“I had some help,” Harley said, not wanting to take all of the credit. But Peter just gave him one of his small secret smiles, like he could see right through every word that came out of his mouth. It was intoxicating.
“Gross!” A voice that Harley would recognize anywhere piped up from only a few feet away. “I thought we banned mistletoe for a reason!”
“Abbs!” Harley grinned, and broke away from Peter to give his little sister a hug, almost swooping her feet off the ground in the process. He pulled away enough to grab onto her shoulders. “You givin’ Stark a hard time?”
“I’m on my worst behavior,” She declared with glee. “Tony won’t let me around Morgan, but I think it’s because he’s scared of the power we both possess.”
“Atta’girl,” Harley laughed, and watched her head over to where Pepper was.
Peter tsked. “You Keeners, nothing but trouble.”
Harley’s grin widened as he brought a hand to Peter’s hip. “Yeah, but I seem to remember you likin’ some trouble.”
Peter’s eyes glinted dangerously, like he was about to spout off at the mouth, but then his eyes trained on someone over Harley’s shoulder.
“May!” He yelled excitedly, and suddenly dragged Harley over to where she was.
They bantered with May for a while until Wanda and Vision entered with their new set of twins and stole the show. Abbie immediately cooed over them, which Harley observed fondly. The Tower was packed with Avengers, and friends alike. Natasha and May tucked themselves into a corner, both with glasses of wine, and seemed to be getting on like a house on fire.
Peter appeared to take in the scene with a mixture of admiration, and awe. He shot Harley these looks that said, “Can you believe this?” And a little part of Harley couldn’t. He was actually having fun. For the first time in his life he got it, he understood why Peter saw Christmas as something special. This time, Harley wasn’t just enduring Christmas.
A little later, once everyone was properly tipsy, Morgan had been ushered into bed, and Vision had fastened the sleeping babies into their carrier - the Poker game started.
It had been Tony’s idea, and Harley had to hold back his snicker. Tony was cocky, already trash-talking everyone at the table. Harley initially wasn’t going to play, but Peter had goaded him into it. He said, “Please, Harley?” in just the right way to have Harley sighing and saying, “Deal me in.”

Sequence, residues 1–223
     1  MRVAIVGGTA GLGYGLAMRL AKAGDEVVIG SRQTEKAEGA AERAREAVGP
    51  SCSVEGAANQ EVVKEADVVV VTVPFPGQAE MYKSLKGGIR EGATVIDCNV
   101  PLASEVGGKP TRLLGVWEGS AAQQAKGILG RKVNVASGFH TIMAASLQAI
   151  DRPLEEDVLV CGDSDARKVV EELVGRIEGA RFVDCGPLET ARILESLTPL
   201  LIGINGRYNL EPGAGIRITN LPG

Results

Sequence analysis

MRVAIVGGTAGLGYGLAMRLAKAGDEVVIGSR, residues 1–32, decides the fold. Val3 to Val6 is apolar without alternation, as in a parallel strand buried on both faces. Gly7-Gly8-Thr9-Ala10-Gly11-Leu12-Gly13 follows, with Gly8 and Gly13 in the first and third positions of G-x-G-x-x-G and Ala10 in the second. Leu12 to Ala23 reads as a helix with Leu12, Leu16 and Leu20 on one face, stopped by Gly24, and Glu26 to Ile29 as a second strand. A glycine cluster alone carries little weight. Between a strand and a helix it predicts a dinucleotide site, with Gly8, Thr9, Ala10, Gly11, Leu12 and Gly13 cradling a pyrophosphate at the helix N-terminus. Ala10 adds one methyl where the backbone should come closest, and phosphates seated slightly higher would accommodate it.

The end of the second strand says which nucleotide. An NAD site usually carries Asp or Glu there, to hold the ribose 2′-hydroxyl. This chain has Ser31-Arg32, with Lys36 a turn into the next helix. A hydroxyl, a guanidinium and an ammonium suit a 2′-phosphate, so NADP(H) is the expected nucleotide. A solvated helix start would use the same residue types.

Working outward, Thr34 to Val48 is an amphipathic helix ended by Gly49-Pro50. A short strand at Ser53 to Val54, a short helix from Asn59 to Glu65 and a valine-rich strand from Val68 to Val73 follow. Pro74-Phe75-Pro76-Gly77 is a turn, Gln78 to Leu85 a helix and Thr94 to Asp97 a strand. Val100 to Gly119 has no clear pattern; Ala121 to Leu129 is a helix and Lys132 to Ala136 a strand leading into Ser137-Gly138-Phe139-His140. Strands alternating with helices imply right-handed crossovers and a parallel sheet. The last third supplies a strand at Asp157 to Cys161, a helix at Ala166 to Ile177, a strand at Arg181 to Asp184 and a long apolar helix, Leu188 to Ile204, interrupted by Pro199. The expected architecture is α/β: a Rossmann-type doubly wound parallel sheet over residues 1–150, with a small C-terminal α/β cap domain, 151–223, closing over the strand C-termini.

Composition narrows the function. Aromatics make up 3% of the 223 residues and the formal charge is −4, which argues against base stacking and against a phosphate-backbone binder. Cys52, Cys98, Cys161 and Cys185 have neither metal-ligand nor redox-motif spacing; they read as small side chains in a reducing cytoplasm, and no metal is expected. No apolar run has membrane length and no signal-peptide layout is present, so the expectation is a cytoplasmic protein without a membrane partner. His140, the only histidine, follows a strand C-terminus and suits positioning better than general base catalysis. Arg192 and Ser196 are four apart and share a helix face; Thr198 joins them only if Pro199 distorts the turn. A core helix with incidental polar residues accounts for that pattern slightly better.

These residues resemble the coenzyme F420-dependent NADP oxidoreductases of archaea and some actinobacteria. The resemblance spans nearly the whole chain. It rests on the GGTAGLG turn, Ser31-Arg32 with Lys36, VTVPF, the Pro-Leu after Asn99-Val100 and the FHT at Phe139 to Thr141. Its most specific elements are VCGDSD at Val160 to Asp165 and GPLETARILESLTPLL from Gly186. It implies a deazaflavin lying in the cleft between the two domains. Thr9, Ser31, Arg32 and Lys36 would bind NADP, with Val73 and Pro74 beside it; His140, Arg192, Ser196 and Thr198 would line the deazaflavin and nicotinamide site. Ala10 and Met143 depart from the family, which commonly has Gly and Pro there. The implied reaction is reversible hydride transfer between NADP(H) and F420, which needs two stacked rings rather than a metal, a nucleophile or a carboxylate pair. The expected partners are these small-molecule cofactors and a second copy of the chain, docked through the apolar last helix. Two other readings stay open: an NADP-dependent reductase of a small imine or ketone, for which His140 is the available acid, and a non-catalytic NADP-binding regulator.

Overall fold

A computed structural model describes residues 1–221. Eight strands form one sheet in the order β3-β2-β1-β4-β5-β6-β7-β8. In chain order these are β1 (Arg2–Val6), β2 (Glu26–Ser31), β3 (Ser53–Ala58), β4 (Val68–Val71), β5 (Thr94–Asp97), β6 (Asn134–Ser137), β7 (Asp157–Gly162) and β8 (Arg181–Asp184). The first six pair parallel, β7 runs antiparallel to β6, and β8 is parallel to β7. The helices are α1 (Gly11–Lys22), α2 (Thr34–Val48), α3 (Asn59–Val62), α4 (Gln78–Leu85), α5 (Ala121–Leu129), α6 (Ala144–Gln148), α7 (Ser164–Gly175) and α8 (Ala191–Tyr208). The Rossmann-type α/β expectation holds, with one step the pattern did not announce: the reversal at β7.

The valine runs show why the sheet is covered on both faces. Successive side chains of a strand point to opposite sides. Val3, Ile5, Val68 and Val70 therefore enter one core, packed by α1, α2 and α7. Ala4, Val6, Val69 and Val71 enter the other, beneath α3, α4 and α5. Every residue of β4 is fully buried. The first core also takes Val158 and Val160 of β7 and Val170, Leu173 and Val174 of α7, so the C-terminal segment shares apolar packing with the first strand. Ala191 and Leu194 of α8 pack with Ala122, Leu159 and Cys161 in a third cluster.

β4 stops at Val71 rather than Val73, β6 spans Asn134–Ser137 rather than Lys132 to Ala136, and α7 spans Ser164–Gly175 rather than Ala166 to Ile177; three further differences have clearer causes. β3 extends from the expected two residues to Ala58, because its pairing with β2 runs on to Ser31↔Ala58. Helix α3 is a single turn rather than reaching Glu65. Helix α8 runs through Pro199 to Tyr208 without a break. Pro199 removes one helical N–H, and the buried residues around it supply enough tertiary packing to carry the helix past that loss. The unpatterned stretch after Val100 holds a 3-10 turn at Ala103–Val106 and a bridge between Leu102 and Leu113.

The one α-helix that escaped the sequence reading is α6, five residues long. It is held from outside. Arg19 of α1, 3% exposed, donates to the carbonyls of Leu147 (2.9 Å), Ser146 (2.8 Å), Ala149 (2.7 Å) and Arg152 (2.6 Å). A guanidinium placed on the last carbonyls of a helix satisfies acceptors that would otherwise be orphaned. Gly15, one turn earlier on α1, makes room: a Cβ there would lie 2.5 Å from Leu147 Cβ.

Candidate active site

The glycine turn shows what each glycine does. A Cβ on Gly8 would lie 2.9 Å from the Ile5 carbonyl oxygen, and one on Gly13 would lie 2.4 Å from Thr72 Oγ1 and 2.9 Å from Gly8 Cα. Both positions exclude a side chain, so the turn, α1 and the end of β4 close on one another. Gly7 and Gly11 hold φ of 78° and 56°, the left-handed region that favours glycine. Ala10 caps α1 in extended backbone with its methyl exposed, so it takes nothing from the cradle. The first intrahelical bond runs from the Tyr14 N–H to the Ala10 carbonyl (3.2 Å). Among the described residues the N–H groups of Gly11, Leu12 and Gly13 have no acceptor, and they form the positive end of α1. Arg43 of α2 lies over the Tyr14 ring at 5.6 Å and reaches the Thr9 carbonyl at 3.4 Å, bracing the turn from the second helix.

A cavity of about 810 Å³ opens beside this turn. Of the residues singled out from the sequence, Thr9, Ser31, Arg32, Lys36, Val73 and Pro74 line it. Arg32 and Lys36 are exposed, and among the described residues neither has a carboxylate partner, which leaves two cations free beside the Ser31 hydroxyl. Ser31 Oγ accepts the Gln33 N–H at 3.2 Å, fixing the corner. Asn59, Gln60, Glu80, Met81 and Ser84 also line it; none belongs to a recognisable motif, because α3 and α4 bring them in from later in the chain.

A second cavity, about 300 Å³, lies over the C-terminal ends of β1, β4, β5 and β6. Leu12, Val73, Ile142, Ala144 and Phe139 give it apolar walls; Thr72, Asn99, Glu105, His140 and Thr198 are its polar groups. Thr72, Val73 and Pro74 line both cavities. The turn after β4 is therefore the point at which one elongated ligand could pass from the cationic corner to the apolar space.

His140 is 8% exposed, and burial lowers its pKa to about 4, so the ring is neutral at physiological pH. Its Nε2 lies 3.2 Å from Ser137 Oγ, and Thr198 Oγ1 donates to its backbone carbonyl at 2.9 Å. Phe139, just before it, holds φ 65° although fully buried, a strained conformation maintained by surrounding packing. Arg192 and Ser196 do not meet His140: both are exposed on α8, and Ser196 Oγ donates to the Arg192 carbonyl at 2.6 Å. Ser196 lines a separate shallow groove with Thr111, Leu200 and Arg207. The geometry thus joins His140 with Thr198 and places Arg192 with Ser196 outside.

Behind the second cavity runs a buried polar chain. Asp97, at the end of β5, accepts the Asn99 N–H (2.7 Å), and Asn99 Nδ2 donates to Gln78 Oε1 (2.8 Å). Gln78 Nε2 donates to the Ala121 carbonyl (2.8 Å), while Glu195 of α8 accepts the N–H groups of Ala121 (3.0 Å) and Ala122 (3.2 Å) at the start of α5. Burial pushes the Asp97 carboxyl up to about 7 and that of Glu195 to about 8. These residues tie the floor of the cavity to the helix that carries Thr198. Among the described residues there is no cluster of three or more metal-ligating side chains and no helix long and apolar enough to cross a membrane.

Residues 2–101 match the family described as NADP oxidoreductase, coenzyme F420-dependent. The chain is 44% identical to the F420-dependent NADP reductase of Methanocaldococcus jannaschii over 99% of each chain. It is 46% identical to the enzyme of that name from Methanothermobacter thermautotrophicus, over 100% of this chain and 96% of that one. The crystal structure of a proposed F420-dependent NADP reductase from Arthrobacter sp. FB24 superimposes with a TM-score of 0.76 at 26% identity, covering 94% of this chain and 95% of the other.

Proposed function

“They don’t even know you’re going to win,” Peter whispered to him, and Harley decided not to tell him how wrong he was, he didn’t want to spoil the show he no doubt was going to get. It was cute. Harley was a damn good Poker player, and Peter knew it, too, but, he had also never had the joy of seeing Abbie Keener at full velocity.
Harley met eyes with Abbie from across the table, and he could tell just by their sparkle that they were all in for it.
It was safe to say that Abbie wiped the floor with Tony.
She kicked his ass so hard that Tony had crowed in complete outrage, demanding a rematch. Abbie’s grin was downright devious when she beat them all again, and scooped up her chips (which were m&ms), collecting her loot. At this point, the whole table was shaking with laughter. Peter had buried his face into Harley’s shoulder halfway through the second game, so Harley could feel it vibrate through his collarbone every time he laughed. Harley had his arm flung back along the back of Peter’s chair, and he couldn’t help his manic, joyful grin whenever Tony shouted.
“Where did you learn to play like that!” Tony interrogated, cutting through the teetering of the table.
Abbie shot Harley a secret glance. “A lady at a bus station taught me, and Harleen over there, of course.”
Harley could feel Peter going stock still next to him. But it was okay. It was good to joke about it, in a way. He was too busy laughing over the whole display to get down. “When are you gonna learn, old man, you never play Poker against the Keeners.” Harley teased. Peter’s choked snort from next to him was enough to coat him like a victory.
Harley felt good. He felt warm, and satisfied as he peered around at everyone at the table. He wondered if this is what Christmas felt like for everyone else - a celebration, and excuse for a showcase of love. He could see the appeal.
Then later, much later, when most of the activities for that night had been cleared away and it had officially crossed into actual Christmas, Harley sat on the couch in the center of the penthouse. Peter was curled up next to him, a pile of sleepy goo in his lap. Harley idly carded his fingers through Peter’s hair while he periodically purred in content.
Harley whispered, quiet enough that only Peter could hear, “Merry Christmas, baby.”
Peter hummed. “Merry Christmas, Harls,” he mumbled back.
As Harley looked at the Christmas tree in the corner, with Peter’s warm breath on his leg, he couldn’t help but think that maybe Christmas wasn’t so much of a perpetual disappointment after all.